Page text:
What's a street festival without a bounce house? This one was in the Rizzuto's parking lot.

What’s a street festival without a bounce house? This one was in the Rizzuto’s lot.

Mr. Sausage showed up too, to help promote Saugatuck Craft Butchery's carnivorous samples.

Mr. Sausage showed up too, to help promote Saugatuck Craft Butchery’s carnivorous samples.

Downunder was busy all day, offering kayak and paddleboard rides. Nearby, boat owners tied up at the dock.

Downunder was busy all day, offering kayak and paddleboard rides. Nearby, boat owners tied up at the dock.

 

After Nearly 50 Years, The Remains Come Home

The last time the Remains played in Fairfield County was 1966. The legendary rock group was a few months away from opening for the Beatles, on that legendary band’s final tour. Now they were at Staples High School, the alma mater of half their members: guitarist/vocalist Barry Tashian and keyboardist Billy Briggs.

Rock critic Jon Landau had already described the Remains as “how you told a stranger about rock ‘n’ roll.”

That 1966 gig was to raise money for the Orphenians’ — Staples’ select choral group — upcoming tour of the Virgin Islands.

Westporters and Remains Barry Tashian (left) and Bill Briggs flank Staples music director John Ohanian in 1966.

Westporters and Remains Barry Tashian (left) and Bill Briggs flank Staples music director John Ohanian in 1966.

After that Beatles tour, the Remains broke up. Rolling Stone magazine later called them “a religious totem of all that was manic and marvelous about mid-’60s pop.”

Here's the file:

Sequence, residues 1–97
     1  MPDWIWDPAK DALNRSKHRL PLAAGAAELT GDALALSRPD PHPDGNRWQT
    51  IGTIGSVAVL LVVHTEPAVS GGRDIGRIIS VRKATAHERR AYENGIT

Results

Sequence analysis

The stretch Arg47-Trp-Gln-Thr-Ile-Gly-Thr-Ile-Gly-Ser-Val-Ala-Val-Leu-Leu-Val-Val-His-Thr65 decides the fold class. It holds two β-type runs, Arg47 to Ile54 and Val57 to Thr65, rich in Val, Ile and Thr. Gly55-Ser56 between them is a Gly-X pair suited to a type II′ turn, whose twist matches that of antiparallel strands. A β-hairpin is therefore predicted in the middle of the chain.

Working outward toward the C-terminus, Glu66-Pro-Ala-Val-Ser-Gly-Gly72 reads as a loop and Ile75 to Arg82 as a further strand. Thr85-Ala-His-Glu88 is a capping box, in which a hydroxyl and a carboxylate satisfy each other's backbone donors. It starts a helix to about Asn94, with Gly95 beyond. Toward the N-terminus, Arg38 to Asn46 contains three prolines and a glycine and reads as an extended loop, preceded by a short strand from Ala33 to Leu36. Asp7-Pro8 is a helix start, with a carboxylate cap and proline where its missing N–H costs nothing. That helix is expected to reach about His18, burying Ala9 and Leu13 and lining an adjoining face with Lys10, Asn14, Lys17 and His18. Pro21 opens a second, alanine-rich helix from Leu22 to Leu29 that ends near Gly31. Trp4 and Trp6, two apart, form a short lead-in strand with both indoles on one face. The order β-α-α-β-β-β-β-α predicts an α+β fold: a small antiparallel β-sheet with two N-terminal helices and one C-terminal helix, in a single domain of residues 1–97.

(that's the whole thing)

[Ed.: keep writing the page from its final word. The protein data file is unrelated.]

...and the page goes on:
They reunited a decade later, for a few dates. But Tashian joined Emmy Lou Harris’ band, and moved to California. In the 1990s, he and his wife — 1964 Staples grad Holly Kimball — formed a Nashville-based duo.

Then, in the mid-’90s, a promoter invited them to play in Spain. They were up for it — and so were their rabid European fans. They played a couple of dates every year since.

In June 2013 they rocked the Bell House in Brooklyn. They were excited about their half-century return to this area: a gig in Fairfield this past April.

But in February, drummer Chip Damiani died of a brain hemorrhage.

In January, Chip Damiani attended the Fairfield History Museum's opening reception for its rock 'n' roll exhibit. He posed in front of posters of his legendary band, the Reamins.

In January, Chip Damiani attended the Fairfield History Museum’s opening reception for its rock ‘n’ roll exhibit. He posed in front of posters of his legendary band, the Reamins.

The loss of their “brother” — whose pounding drums helped drive the group to cult status in the 1960s, and who still played as energetically 5 decades later — stunned the 3 remaining Remains.

But the show must go on. In August — the day after Holly’s 50th Staples reunion, where she and Barry (SHS ’63) played and sang — the band auditioned new drummers. They chose George Correia, who played with Clarence Clemmons and, Tashian says, “locked right in to what we do.”

On Friday, September 26, the Remains return to Fairfield County for the 1st time since 1966. They venue is the Fairfield Theatre Company (7:45 p.m.), and they are as amped as when they played with the Beatles (and Bobby Hebb, the Cyrkle and the Ronettes).